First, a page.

David Bourget (Western Ontario)
David Chalmers (ANU, NYU)
Rafael De Clercq
Jack Alan Reynolds
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Language Sciences (6):503-524 (2004)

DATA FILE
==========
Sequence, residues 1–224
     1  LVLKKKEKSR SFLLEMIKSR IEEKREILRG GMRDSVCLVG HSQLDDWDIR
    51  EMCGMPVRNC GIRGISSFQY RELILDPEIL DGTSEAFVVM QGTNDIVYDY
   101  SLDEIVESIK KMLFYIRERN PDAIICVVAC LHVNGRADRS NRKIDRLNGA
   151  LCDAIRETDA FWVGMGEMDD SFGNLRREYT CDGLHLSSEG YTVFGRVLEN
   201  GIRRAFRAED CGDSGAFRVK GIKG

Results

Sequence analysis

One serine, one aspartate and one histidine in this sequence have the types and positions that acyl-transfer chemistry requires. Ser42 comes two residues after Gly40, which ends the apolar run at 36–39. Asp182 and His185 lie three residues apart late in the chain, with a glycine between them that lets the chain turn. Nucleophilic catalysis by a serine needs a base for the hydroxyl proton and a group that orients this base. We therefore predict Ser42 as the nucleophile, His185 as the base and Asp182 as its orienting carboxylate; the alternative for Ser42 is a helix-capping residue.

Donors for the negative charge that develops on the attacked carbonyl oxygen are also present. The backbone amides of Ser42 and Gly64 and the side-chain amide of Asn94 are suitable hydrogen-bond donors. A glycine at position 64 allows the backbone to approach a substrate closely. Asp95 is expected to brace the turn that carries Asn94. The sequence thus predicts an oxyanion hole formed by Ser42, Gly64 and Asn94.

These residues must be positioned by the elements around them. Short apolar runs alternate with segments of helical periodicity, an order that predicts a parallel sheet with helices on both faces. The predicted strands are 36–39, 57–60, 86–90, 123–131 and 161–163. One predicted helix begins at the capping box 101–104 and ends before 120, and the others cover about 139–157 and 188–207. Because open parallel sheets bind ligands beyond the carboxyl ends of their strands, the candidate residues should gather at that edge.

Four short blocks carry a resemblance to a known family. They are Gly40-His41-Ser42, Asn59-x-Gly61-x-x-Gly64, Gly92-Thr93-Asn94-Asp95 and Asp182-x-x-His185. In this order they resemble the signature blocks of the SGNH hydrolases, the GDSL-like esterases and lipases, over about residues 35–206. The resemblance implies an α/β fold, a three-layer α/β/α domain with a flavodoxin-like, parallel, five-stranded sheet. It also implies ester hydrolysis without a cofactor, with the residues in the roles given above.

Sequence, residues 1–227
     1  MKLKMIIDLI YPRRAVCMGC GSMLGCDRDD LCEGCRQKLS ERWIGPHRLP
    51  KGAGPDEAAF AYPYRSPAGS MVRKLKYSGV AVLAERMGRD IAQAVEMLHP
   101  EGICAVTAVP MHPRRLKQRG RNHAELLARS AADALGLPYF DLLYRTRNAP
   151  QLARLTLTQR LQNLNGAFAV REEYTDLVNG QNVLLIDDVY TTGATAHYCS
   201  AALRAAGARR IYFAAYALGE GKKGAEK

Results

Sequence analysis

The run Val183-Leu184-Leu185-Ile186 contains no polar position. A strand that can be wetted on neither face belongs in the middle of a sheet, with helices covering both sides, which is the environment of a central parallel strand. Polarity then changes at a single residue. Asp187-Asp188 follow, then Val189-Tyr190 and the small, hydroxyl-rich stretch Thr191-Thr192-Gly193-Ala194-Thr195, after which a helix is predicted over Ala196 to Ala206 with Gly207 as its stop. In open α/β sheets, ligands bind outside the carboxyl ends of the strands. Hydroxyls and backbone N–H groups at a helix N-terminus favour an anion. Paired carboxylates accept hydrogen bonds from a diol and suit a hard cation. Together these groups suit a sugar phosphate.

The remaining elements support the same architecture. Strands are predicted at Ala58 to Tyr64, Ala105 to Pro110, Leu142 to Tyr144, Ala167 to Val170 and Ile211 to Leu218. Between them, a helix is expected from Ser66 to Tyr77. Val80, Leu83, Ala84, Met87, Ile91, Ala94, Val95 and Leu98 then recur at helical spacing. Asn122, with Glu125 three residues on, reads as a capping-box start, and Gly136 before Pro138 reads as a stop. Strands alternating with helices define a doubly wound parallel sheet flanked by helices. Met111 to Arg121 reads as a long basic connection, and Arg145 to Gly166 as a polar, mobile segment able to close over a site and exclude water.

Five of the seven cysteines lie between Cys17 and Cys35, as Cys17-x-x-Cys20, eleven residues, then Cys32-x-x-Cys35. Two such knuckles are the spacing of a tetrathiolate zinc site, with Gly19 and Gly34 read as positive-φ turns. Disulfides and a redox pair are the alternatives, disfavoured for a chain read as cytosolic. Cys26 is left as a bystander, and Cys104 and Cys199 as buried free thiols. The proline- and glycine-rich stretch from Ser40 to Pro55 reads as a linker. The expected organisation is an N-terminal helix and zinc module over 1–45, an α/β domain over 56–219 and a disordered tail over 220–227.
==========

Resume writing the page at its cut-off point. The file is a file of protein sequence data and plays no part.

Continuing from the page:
Distributed Cognition and Integrational Linguistics have much in common. Both approaches see communicative activity and intelligent behaviour in general as strongly con- text-dependent and action-oriented, and brains as permeated by history. But there is some ten- sion between the two frameworks on three important issues. The majority of theorists of distributed cognition want to maintain some notions of mental representation and computa- tion, and to seek generalizations and patterns in the various ways in which creatures like us couple with technologies, media, and other agents; many also want to oﬀer explanations at subpersonal levels which may undercut the autonomy of personal-level accounts. In contrast, dominant views in integrational linguistics reject all invocation of representation, resist the explanatory search for similarity across contexts and moments, and see linguistics as a lay dis- cipline which should not oﬀer explanations in terms alien to ordinary agents. On each of these issues, I argue that integrationists could move closer to the distributed cognition frame- work without losing the most important aspects of their view: integrationist criticisms of mainstream or classical theories can be respected while alliances with revised cognitivist views about representation, context, and explanation are developed. Ó 2004 Elsevier Ltd. All rights reserved.
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